It’s definitely something that multiple developers have tried to address, and finding that sweet spot may take some time, as the balance between satisfying the player base and still making a profit can be hard to nail. Multiple factors make this even harder, with some entitled players voicing unwarranted concerns so they can get the equivalent of a free ride, drowning out any legitimate concerns of honest players. A lot of praise is directed towards Riot, the developers of League of Legends and their model; customization and boosts are the only items that are real-money only, and everything else is obtainable solely through putting in the hours. I’ve had some experience with this personally, having played a small amount of League of Legends, and it does work very well – spending some in-game cash on a skin didn’t feel like I was being cheated, and I felt like I gave back for the enjoyment I had with the time I had playing. It was even noted by Sony Online Entertainment that they admire this system in particular, and hoped to apply a similar one to Planetside 2.

Though it is still a shooter, Planetside 2 is a MMOFPS, and it’s one of the many MMOs in recent times to adopt a free-to-play model. Though some have been converted to the system, launching with it is also a move that shows even Sony know the world is changing and free-to-play isn’t a dirty phrase anymore. I’m certainly excited to play it, and although I’m not keen on an MMO itself being free-to-play, it makes me excited specifically about Planetside because it means I won’t have to pay anything to actually try it out. The things they’re looking at to help players while trying to make money also gives me hope that the transaction model won’t be as bad as I feared it could be, because besides all the praise I can give releases like LoL and Tribes for their micro-transactions, I don’t want every title out there to be free-to-play, especially a subscription-based MMO that I play very often, Star Wars: The Old Republic.

The issue with the free-to-play model in The Old Republic is simple; with the way it’s worked out I’d be better off continuing to pay for the subscription model anyway. I have a lot of alt-characters, I had a great number of quick bars filled with abilities and I enjoyed all of the PvP and Space missions. All of these are limited in their free option, meaning that I’d either be locked out of them or will be limited to which ones I can actually do. There’s also their premium option, which is essentially “unlocked” when you pay for something using the new currency or were previously subscribed, meaning that if I did go back without paying, there’d be a little more for me to play around with, rather than just going in completely from scratch. It’s definitely a model that was hashed together after they realised they cannot sustain themselves with the old MMO model, and it really is a shame. There will be a point where I can feel happy about going back, but it’s going to be at a time where I can happily afford to play, and I’m sad that it’s been happening this way.

Another reason I feared that change was the fact that a lot of MMOs that made this change did so because they were on the way out; they were dying and needed a boost in the playerbase to keep afloat. It terrified me because I absolutely love The Old Republic, I invested so much lot of time into it because it drew me in far more than World of Warcraft ever did, and its refined, fluid and kinetic gameplay just kept me there because every time I jump in and get comfy it brings a smile on my face. It’s just so much fun and that’s what I was scared of losing.

So there you have it, the good and bad, light and dark of my experience in the free-to-play ocean that’s out there right now in the gaming industry. Some of it is definitely here to stay, and everyone’s trying to improve it for the better. It’s only a matter of time before the pay-to-win model disappears entirely, and we’re left with value for money and time spent in these games.  I’m keeping a watchful eye on it all, and I see the benefits and detrements to it all. Rest assured, the more varied videogames are, the better it is for everyone.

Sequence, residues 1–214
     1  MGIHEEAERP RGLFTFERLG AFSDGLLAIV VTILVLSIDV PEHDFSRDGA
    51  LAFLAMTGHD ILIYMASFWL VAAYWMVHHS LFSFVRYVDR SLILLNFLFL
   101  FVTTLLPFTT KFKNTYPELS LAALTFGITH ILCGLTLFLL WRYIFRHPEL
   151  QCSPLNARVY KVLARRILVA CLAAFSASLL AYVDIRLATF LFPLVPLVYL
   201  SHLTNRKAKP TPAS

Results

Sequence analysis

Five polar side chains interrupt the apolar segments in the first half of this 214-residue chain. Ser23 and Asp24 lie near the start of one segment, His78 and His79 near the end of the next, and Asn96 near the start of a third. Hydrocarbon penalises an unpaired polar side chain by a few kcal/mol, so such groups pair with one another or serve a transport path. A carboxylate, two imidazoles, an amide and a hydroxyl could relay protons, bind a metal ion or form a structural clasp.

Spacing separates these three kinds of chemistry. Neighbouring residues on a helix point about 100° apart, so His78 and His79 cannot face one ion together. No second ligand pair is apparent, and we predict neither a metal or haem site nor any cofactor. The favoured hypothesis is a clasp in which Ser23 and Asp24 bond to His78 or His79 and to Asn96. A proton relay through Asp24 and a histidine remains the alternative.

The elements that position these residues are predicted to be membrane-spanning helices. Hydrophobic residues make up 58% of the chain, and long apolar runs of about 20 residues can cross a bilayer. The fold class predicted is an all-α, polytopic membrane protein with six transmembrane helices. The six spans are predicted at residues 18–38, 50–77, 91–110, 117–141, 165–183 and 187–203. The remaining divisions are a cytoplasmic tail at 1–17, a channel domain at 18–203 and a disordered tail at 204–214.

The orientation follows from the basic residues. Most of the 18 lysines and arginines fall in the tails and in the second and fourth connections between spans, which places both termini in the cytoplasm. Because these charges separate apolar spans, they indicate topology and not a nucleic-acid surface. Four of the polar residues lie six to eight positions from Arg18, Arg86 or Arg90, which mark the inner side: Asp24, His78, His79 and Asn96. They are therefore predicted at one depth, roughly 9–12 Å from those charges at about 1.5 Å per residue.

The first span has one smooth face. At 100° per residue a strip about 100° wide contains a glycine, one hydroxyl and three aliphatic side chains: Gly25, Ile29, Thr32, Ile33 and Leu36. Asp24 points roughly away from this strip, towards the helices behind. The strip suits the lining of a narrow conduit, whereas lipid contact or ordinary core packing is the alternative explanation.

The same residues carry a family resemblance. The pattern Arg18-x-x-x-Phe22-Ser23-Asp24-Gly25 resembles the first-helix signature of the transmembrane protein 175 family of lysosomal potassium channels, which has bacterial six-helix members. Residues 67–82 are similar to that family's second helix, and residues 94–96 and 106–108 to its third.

Last five articles by Chris P


One Comment

  1. Furie says:

    I’m not so sure that the pay to win model will disappear entirely. It’s just too simple to add to a game that changes to F2P late in development and guarantees a revenue stream in the short term. Over time people will leave these games due to those people who paid for their godlike weapons overpowering them, but by then they’ll already have made their money.

    However, like you I see an optimistic future for F2P as a growing model. Quality games designed around that concept are starting to show up now. Things like experience packs or boosters on sale to let players get further faster are a nice addition for those who don’t care about the slower road but now essential. Costume and other cosmetic packs are always a good money maker and can add to the feel of a game you enjoy.

    I’m not entirely sure about the rent-a-feature thing that is coming up recently. I get that having a F2P model running alongside a premium model is difficult, and there needs to be some reasons to pay money. Locking features away behind a paywall and giving limited access to them after buying a key or even regular paid item seems like it could go both ways to me. Still, if balanced right with enough of the feature outside the paywall to give a taste, it could well be a nice way to further monetise a free game so long as it doesn’t turn into a disguised subscription model.

    All in all, F2P is a newish concept still and there are a lot of kinks to be worked out. Yes, people will take advantage and try to attract gamers with a free game while requiring payments above the worth of the game to get any fun from it. Yes, people will release games that need their balancing addressed before the free versus paid stuff is fairly distributed (which is a tough topic to broach without sounding like you want it all for free). Yes, games that are in trouble will adopt a F2P model in desperation, and make mistakes about what form of that model will best suit them. But, in the end, I think we’ll look back at this and laugh about the drama surrounding the concept, just like we do with being able to save games and health bars replacing lives.